My greatest takeaway from this internship so far is the writing and research. The judicial clerks grant interns broad autonomy, which requires us to be independent self-starters—though I do believe this is the case for most judicial externships, remote or in-person. This is the kind of work I personally prefer. Even though we all work individually from home, the judge and the clerks have made a lot of effort to engage with us over Zoom and Facetime. They are busy, yet always accessible for questions. I have gained exposure to many substantive legal topics that I have not yet learned in school, such as the criminal appeals system, criminal procedure, trial advocacy, immigration appeals. I recently drafted a habeas corpus opinion. Prior to that assignment, I had not even known what a habeas corpus petition was. I am very grateful for these opportunities to practice my legal writing and research.
What advice do you have for other interns, clerks, and summer associates who are participating in internships or working during this pandemic period?
Aside from the advice I mentioned earlier for law students, I found it helpful to remain adaptable. Since the public health situation could change very quickly, it is important to be flexible based on the current environment of uncertainty as well as the judge’s and clerks’ schedules. With shortened summer programs and many modified internships, I suggest capitalizing on every opportunity to make a good impression and being proactive. Find opportunities to speak to judges and attorneys, such as reaching out to arrange for virtual networking sessions or informational calls. I would also encourage others in a similar position to, if possible, take advantage of the summer to look for potential job and internships in other states or locales that can be done virtually now, and plan for the fall to be in a good position for studies, the bar exam, and work.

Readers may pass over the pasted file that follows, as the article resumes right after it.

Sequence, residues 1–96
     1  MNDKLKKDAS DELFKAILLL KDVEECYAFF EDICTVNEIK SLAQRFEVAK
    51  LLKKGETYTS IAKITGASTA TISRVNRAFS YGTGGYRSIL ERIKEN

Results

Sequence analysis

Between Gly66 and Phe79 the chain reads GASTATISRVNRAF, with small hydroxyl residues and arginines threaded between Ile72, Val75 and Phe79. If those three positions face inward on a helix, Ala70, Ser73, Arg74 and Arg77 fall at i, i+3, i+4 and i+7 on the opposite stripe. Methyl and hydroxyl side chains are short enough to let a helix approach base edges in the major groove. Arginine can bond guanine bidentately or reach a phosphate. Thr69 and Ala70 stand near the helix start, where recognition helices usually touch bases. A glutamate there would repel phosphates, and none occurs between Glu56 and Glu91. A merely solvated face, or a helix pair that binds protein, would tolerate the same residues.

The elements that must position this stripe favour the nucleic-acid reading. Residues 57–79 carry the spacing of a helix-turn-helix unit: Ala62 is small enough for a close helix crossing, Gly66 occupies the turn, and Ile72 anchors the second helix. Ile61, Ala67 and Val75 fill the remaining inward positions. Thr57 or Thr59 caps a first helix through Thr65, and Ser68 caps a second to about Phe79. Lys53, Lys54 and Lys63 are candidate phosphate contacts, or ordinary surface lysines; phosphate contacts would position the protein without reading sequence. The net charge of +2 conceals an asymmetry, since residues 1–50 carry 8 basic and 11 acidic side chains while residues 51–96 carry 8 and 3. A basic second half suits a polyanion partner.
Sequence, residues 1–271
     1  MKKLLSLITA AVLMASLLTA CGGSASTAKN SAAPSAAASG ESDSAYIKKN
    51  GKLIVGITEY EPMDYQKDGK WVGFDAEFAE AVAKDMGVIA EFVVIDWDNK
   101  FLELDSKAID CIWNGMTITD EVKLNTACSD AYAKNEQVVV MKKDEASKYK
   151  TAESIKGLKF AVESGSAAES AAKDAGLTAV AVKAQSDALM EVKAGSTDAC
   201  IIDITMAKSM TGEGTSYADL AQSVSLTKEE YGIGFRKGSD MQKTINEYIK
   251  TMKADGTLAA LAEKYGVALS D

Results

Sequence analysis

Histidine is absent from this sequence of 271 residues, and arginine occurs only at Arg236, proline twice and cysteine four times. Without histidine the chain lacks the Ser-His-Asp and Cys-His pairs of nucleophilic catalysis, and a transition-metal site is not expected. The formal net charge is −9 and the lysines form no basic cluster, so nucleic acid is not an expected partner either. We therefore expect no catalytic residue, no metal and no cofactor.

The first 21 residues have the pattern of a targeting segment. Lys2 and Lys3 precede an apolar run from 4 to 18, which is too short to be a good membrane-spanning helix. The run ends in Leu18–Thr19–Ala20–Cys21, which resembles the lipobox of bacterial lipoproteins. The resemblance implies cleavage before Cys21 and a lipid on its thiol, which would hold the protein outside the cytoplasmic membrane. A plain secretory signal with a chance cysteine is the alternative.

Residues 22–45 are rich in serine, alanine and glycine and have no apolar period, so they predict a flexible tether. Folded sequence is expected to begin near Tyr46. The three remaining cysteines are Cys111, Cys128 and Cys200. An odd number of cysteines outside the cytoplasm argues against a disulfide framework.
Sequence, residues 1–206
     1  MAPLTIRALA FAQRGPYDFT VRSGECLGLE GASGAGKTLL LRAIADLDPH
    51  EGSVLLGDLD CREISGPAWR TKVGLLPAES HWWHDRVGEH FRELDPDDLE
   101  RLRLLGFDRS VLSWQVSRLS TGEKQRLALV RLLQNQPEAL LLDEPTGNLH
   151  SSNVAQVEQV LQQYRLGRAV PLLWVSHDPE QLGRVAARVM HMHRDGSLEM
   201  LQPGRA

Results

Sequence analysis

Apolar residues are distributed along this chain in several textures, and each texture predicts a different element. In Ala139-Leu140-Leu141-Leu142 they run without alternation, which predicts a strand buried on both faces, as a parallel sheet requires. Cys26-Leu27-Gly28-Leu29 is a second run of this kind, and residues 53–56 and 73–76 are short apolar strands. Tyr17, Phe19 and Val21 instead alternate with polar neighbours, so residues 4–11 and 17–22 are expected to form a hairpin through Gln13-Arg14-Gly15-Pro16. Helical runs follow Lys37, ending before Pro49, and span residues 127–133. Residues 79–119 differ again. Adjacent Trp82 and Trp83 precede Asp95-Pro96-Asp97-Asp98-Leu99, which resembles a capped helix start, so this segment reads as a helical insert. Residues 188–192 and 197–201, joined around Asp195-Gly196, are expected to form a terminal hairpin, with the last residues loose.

Kristen Chang is an associate with McGuire Woods in Chicago, Illinois. Briana Singson is a judicial extern and J.D. candidate at Northwestern Pritzker School of Law in Aurora, Illinois.
This article originally appeared on the Judicial Intern Opportunity Program page under the Litigation Section of the American Bar Association. All rights reserved. This information or any portion thereof may not be copied or disseminated in any form or by any means or downloaded or stored in an electronic database or retrieval system without the express written consent of the American Bar Association.